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Sandhill Crane Migration

One of the most impressive bird congregations in North America

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Last updated: by Olga Valchyshen
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A flock of Sandhill cranes is one of the most amazing natural spectacles that you can observe in North America. Half a million of these gorgeous birds migrate annually from nesting areas in the north to wintering grounds in the south. Indiana lies on these crane's fall migration routes, as the large group of cranes circle between breeding sites in Wisconsin and Michigan and the warm marshes of Georgia and Florida. The South Shore region of north-west Indiana lies in between those two destinations.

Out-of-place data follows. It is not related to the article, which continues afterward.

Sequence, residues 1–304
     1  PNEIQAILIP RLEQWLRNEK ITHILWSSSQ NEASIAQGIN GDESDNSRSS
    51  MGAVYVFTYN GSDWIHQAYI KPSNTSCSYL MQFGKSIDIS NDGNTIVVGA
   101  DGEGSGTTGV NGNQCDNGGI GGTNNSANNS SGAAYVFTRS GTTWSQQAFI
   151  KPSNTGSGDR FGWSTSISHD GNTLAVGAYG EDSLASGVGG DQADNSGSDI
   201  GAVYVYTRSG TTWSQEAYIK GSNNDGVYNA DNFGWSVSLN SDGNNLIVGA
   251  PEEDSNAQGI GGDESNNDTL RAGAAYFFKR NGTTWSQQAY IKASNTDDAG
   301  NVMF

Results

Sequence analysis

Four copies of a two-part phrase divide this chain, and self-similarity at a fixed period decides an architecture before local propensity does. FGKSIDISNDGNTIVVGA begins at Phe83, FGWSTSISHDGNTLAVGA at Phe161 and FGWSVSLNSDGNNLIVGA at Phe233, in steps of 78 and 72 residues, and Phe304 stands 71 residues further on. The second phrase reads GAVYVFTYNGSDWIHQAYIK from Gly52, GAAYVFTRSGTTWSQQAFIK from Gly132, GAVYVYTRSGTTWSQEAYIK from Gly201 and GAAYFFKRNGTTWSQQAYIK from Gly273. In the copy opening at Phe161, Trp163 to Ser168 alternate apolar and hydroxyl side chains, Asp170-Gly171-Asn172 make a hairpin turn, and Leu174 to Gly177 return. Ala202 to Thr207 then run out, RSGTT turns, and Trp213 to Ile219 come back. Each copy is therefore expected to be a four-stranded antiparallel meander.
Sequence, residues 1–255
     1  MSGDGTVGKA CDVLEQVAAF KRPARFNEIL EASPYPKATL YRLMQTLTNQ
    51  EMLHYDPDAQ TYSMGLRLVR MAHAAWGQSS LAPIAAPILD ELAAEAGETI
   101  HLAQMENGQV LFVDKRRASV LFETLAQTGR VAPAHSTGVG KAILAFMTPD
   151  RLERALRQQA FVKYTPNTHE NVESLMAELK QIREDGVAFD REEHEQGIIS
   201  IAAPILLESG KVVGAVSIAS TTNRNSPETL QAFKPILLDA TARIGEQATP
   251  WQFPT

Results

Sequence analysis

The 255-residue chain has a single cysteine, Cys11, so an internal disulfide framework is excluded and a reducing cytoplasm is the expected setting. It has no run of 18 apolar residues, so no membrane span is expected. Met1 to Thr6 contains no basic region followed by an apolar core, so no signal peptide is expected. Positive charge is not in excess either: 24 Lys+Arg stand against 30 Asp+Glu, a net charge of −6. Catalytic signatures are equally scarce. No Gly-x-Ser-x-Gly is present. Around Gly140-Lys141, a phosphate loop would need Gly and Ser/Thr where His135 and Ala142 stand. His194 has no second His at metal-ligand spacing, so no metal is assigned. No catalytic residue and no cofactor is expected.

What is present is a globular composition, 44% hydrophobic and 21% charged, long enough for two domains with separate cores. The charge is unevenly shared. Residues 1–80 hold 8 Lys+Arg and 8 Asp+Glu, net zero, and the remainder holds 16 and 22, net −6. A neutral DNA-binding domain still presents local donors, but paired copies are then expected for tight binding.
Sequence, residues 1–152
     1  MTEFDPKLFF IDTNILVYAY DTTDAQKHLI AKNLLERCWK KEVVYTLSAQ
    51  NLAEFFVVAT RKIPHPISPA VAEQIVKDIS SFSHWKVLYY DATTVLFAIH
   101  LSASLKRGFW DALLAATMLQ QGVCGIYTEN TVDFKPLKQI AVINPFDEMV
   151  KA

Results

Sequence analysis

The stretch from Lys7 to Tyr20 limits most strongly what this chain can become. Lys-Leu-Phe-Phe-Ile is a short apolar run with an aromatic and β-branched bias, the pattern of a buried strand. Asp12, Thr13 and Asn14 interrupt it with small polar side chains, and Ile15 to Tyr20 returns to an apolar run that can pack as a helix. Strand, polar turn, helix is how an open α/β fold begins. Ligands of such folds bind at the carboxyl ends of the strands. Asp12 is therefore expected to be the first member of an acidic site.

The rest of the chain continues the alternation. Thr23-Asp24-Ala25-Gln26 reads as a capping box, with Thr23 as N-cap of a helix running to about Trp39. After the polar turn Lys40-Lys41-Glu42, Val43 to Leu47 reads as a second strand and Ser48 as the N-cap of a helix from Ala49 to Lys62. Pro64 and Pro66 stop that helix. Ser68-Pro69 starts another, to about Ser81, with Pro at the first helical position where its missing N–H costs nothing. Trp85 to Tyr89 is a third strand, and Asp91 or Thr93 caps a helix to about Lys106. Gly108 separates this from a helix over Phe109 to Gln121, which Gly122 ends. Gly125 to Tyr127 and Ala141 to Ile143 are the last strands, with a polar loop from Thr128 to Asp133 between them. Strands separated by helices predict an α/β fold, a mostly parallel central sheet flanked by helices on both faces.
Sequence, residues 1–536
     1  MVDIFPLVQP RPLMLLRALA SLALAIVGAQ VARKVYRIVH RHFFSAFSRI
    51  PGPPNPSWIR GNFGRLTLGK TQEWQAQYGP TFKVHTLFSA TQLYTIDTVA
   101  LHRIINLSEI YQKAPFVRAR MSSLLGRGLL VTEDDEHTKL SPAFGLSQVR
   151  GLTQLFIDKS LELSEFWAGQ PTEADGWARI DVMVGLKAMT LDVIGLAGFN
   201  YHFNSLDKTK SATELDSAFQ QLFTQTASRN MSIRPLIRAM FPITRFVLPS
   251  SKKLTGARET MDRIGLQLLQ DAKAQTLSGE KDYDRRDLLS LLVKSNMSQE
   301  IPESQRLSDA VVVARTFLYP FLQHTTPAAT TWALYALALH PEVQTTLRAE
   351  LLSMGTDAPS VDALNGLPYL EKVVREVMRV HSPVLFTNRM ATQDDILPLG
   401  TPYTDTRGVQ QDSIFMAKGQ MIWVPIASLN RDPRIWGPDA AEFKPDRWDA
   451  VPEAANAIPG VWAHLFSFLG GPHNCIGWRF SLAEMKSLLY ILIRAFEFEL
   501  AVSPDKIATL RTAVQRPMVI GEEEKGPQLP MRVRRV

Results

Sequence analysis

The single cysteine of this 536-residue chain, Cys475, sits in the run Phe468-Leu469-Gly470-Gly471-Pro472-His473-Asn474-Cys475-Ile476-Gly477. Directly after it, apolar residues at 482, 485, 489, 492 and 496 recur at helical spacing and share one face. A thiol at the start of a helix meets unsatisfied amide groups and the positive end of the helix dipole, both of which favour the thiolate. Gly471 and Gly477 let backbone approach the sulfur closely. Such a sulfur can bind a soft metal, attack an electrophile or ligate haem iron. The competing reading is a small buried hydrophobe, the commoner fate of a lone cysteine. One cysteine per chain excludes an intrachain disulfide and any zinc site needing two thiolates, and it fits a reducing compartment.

Cranes start to arrive in Indiana in late September and usually stay through December. The South Shore of Lake Michigan becomes their stopover before the long flight. Marshes, wetlands, and grasslands are abundant in Jasper County, especially, Jasper-Pulaski Fish and Wildlife Area, which hosts tens of thousands of cranes every fall. Visit its 300-acre Goose Pasture Viewing Area to see cranes, witness their "dances", as well as listen to their distinctive chatter and calls.

Sandhill cranes are very large and tall birds that reach 3-4 ft (1-1.2 m) in height. They have a long neck and legs as well as quite broad wings. Their most recognizable feature is a red crown on the head.

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